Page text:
Warren Leight: Yes, I think that by the time we got there we've already figured out his arch, but I have plans for Season 2. I remain optimistic. Part of the reason we're doing this call today is to say we're still punching and there's still three great episodes left. If there's a Season 2, we invite Eamonn back. I haven't told Holt about it but there's a clear role for Eamonn in Season 2. Bas, I'd take any chance I could get. Just to watch him beat the ... out of Pablo Schreiber was thrilling.
Holt McCallany: I think he wants to be a good guy if he comes back. 'Can I be a good guy?' He keeps asking me. I said, 'I don't know, Bas. I'll have to run that up the flag pole." But both of those guys that you mentioned for different reasons, they really brought a lot to the parts that they played this season. The reaction to Eamonn Walker's performance was so positive. People just loved that character and our relationship and we work so beautifully together. Bas is an exciting guy. He's an exciting athlete, an exciting actor and whenever he's on film, you've got to watch him. Personally, I would love to work with those guys again.
If there is a second season, the first season tag line was, "Everyone loves an underdog." What would the tag line be for the second and if there's maybe a glimpse that you can give us what a second season would look like.
Warren Leight: I don't have a tag line but wait a couple weeks. I think what we're talking about for the second season in broad strokes is once you get there now what. I guess it would be, "Now what?" I think it's like what the hell comes next for this guy? I don't want to say too much because if people haven't seen the finale, I don't want to spoiler alert it, but what happens to a guy-even though he's entered the boxing world, one of the realities of it for a guy like this is a $10 million purse by the time Barry Word takes half of it. By the time, the IRS takes a large swig of it. It's not like he's set. $10 million an average boxer takes home less than the average the take home is probably something like, it can be less than 15%. Some of the guys we've talked to talked about $100,000 purses and they took home $7,000. So, he's not out of the hole he's in completely. He's also aware that he's made a couple of deals with devils in order to get to where he gets at the end of the season and I don't think he brought a long enough spoon, if you remember those old quotes. I think he's in deep with some bad guys as the season ends. I think it's always interesting to see what happens to the rest of your family when your status changes. What happens to Johnny? What happens to the gym? When I was brought in, there was a sort of a pilot that wasn't fully successful and no one knew where the season would go. Now everyone goes, "Well, this season was obvious." I think Season 2, if we do it right, about midway through everybody will go, "Well, this was obvious," but right now it's about getting to a Season 2. I think we've also talked a little bit about the possibility of introducing MMA into Season 2 and that's an interesting place for the show to go. 'Lights' status amongst boxers changes as the season goes on and that's another place we would think about going.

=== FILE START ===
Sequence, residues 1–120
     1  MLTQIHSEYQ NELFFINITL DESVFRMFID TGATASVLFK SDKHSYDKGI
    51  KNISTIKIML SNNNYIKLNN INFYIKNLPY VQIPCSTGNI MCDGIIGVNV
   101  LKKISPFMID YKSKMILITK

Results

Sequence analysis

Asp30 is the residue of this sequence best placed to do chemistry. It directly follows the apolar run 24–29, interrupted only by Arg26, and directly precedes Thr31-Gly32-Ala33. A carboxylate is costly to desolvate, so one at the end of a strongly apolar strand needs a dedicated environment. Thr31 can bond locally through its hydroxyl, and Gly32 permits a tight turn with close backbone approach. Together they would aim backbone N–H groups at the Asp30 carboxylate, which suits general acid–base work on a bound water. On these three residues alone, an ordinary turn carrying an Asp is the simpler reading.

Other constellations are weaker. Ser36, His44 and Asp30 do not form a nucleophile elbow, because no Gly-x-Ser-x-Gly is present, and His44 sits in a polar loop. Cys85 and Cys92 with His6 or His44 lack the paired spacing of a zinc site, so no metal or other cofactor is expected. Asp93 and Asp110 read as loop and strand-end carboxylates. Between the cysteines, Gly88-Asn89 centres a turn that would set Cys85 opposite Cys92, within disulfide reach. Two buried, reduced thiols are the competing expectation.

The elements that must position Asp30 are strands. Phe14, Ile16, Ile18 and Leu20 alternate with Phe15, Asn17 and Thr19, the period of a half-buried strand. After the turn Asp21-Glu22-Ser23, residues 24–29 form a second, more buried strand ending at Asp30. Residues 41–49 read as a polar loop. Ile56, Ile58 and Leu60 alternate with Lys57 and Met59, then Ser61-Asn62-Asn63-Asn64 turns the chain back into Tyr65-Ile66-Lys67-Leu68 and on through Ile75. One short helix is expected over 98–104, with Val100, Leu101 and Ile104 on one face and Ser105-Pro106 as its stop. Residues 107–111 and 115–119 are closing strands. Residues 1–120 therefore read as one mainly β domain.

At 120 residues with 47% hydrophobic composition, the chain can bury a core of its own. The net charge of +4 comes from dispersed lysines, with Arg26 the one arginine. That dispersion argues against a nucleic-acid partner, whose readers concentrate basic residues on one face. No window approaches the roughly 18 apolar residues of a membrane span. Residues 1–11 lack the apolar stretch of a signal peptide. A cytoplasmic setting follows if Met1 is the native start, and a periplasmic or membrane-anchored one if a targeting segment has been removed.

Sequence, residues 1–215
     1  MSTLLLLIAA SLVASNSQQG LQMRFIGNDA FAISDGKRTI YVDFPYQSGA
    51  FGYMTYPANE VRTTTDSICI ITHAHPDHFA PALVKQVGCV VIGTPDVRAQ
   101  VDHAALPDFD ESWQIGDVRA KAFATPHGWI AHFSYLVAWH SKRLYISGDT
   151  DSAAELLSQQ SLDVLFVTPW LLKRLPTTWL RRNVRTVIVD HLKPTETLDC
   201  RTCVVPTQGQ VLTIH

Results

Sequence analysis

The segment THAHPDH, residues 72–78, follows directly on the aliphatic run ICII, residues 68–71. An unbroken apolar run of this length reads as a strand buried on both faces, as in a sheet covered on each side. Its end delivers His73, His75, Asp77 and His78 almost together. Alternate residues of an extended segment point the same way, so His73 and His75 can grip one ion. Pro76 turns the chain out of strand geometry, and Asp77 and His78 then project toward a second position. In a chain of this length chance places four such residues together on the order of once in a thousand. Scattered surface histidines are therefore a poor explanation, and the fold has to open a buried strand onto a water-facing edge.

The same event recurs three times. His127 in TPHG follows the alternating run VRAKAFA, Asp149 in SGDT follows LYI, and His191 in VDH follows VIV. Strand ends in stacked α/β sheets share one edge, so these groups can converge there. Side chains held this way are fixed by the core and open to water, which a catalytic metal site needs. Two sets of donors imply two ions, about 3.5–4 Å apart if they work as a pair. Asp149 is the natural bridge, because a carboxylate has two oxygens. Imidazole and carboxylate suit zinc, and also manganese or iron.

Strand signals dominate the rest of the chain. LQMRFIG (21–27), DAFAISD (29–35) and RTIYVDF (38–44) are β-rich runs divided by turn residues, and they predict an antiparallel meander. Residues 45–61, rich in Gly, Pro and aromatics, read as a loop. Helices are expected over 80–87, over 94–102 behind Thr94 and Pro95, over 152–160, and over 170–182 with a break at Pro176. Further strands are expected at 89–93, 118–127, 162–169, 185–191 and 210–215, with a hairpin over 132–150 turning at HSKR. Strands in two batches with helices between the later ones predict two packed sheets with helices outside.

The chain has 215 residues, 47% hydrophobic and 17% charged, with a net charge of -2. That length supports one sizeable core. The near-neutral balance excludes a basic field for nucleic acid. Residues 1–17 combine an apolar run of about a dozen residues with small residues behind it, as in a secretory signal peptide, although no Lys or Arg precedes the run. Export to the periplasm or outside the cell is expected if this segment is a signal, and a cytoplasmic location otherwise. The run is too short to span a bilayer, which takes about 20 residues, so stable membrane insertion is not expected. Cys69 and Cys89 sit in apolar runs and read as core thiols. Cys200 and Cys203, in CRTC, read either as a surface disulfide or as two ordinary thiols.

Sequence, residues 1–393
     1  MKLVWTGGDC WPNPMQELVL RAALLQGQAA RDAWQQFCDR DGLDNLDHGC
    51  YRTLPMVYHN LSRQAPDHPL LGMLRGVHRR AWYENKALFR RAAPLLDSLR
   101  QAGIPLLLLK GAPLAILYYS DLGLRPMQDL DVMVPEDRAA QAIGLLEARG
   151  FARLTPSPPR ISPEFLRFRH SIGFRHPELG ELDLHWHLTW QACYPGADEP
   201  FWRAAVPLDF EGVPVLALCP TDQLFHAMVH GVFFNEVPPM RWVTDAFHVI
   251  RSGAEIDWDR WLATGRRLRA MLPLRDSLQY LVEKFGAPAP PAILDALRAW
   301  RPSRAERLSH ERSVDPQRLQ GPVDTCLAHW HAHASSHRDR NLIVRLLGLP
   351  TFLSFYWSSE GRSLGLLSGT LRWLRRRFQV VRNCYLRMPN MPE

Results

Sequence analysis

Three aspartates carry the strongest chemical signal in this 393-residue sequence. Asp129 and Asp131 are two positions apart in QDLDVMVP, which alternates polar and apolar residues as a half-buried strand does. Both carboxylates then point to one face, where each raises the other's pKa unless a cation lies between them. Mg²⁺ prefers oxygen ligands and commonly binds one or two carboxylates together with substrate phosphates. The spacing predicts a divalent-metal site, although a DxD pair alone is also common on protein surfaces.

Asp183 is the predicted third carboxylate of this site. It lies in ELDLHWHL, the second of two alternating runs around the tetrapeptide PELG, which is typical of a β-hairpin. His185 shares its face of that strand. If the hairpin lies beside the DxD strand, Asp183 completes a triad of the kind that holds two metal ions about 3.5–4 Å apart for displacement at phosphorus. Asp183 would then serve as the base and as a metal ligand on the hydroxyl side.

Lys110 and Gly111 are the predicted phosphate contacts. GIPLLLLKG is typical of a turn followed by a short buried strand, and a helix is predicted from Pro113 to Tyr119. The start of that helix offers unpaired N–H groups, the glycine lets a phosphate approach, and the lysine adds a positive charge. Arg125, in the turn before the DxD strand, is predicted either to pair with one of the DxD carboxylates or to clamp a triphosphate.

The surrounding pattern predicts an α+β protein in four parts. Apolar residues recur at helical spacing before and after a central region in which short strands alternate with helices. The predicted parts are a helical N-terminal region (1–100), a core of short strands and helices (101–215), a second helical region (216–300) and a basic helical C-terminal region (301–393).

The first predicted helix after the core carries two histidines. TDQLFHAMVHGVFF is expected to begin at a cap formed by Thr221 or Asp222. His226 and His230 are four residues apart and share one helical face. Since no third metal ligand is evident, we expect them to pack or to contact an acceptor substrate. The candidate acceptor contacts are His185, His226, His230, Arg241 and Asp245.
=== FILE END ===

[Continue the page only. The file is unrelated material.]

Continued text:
Does 'Lights' delineate a difference between the family? Does he put the priority, one over the other or does he truly believe that one big family?
Holt McCallany: Well, listen, it's a great question. I think that he is definitely a guy that is conflicted on a certain level and probably this guy would have been happier living in a neighborhood that he grew up in, in Bayonne, New Jersey, in a house down the street from his dads place, but he's got the McMansion. He loves his wife and children more than anything in the world, but you can take the boy out of Bayonne, but you can't take Bayonne out of the boy, if that makes any sense. So where is my heart? It's in two places.
I think everyone wants Theresa and 'Lights' to be together, but they keep pushing all the problems under the rug. Where will that go?
Warren Leight: What we didn't want was a stock relationship and I don't think we have one. I don't think it's a predictable relationship. It's not a Leave It to Beaver time. She's just not a stock wife. At this point in the season, she's going in for it but I think we know her well enough to know that she just can't play along. She can't be the perfect sports wife and 'Lights' probably didn't want to marry that one. No one in 'Lights' life is easy. Why would his wife be easy? She's supportive. She's there when he needs them. What's kind of interesting to me with her is when the chips are down, when he's in legal trouble, when you think she should just hammer him, that's when she pulls the wagon in the circle and figures out strategy with him. So I think they're bonded. I think they're enmeshed, but it's not a healthy relationship. They don't deal-he hid so much from her. I know everyone loves Holt and loves 'Lights', but he was lying to her for an awful long time and once you have that level of dishonesty in a relationship that poison just doesn't go away. She's got other things on her plate now. She's graduating from medical school. They're in two different worlds and it would be interesting to see how the marriage can sustain the stress of the build up to the fight and then the post-fight, reaction. I think that's all stuff to watch. I think what it is, is an honest depiction of a complicated relationship. I don't think it's a perfect relationship and I think that's more interesting.